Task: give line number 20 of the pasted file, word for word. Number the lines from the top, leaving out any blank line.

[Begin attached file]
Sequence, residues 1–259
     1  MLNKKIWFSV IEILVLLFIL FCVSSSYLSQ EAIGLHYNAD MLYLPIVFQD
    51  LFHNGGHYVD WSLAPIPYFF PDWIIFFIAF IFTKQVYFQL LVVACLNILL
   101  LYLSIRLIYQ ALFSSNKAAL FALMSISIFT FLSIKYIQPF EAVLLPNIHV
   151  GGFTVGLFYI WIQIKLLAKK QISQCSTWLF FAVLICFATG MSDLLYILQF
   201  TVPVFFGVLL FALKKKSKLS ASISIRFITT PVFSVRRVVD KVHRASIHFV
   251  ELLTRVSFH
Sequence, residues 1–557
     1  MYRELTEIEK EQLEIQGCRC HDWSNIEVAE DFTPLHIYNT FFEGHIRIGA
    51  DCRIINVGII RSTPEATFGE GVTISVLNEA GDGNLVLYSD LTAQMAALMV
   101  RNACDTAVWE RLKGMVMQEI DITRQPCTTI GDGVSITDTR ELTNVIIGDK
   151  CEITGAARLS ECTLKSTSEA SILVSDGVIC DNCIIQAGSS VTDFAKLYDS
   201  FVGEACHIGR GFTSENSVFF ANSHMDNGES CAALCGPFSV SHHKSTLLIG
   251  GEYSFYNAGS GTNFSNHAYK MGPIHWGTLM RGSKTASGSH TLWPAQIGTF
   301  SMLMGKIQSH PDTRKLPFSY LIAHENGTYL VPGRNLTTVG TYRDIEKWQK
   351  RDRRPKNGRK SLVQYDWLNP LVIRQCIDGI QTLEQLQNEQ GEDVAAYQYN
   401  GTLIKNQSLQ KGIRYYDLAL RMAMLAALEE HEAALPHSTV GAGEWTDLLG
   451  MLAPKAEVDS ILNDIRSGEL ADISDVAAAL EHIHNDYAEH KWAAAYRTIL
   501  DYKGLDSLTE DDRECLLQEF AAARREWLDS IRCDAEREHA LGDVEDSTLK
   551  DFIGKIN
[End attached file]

   551  DFIGKIN